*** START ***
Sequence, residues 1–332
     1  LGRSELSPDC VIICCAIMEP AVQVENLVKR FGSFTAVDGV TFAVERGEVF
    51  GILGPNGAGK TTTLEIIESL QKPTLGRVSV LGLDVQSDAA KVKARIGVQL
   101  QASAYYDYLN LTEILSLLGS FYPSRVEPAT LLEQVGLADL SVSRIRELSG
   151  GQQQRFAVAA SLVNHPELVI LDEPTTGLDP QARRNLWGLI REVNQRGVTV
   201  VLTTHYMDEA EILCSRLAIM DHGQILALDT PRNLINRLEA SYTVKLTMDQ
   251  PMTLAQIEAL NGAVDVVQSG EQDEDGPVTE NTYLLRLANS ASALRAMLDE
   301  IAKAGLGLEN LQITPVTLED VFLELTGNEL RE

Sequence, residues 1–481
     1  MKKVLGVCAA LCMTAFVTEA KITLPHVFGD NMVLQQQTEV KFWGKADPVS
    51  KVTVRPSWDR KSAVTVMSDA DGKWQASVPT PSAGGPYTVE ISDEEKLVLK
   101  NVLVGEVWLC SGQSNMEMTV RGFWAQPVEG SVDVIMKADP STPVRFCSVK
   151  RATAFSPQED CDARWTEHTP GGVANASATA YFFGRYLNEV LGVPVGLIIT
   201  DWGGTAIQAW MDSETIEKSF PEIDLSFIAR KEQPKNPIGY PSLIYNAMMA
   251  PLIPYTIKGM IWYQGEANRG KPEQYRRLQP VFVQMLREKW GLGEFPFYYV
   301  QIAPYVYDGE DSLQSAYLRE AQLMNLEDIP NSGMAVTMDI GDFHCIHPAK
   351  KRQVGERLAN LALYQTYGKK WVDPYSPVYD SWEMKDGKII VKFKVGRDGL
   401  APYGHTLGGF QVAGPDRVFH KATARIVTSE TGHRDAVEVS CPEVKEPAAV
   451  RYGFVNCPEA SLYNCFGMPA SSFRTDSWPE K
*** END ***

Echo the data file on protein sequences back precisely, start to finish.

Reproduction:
Sequence, residues 1–332
     1  LGRSELSPDC VIICCAIMEP AVQVENLVKR FGSFTAVDGV TFAVERGEVF
    51  GILGPNGAGK TTTLEIIESL QKPTLGRVSV LGLDVQSDAA KVKARIGVQL
   101  QASAYYDYLN LTEILSLLGS FYPSRVEPAT LLEQVGLADL SVSRIRELSG
   151  GQQQRFAVAA SLVNHPELVI LDEPTTGLDP QARRNLWGLI REVNQRGVTV
   201  VLTTHYMDEA EILCSRLAIM DHGQILALDT PRNLINRLEA SYTVKLTMDQ
   251  PMTLAQIEAL NGAVDVVQSG EQDEDGPVTE NTYLLRLANS ASALRAMLDE
   301  IAKAGLGLEN LQITPVTLED VFLELTGNEL RE

Sequence, residues 1–481
     1  MKKVLGVCAA LCMTAFVTEA KITLPHVFGD NMVLQQQTEV KFWGKADPVS
    51  KVTVRPSWDR KSAVTVMSDA DGKWQASVPT PSAGGPYTVE ISDEEKLVLK
   101  NVLVGEVWLC SGQSNMEMTV RGFWAQPVEG SVDVIMKADP STPVRFCSVK
   151  RATAFSPQED CDARWTEHTP GGVANASATA YFFGRYLNEV LGVPVGLIIT
   201  DWGGTAIQAW MDSETIEKSF PEIDLSFIAR KEQPKNPIGY PSLIYNAMMA
   251  PLIPYTIKGM IWYQGEANRG KPEQYRRLQP VFVQMLREKW GLGEFPFYYV
   301  QIAPYVYDGE DSLQSAYLRE AQLMNLEDIP NSGMAVTMDI GDFHCIHPAK
   351  KRQVGERLAN LALYQTYGKK WVDPYSPVYD SWEMKDGKII VKFKVGRDGL
   401  APYGHTLGGF QVAGPDRVFH KATARIVTSE TGHRDAVEVS CPEVKEPAAV
   451  RYGFVNCPEA SLYNCFGMPA SSFRTDSWPE K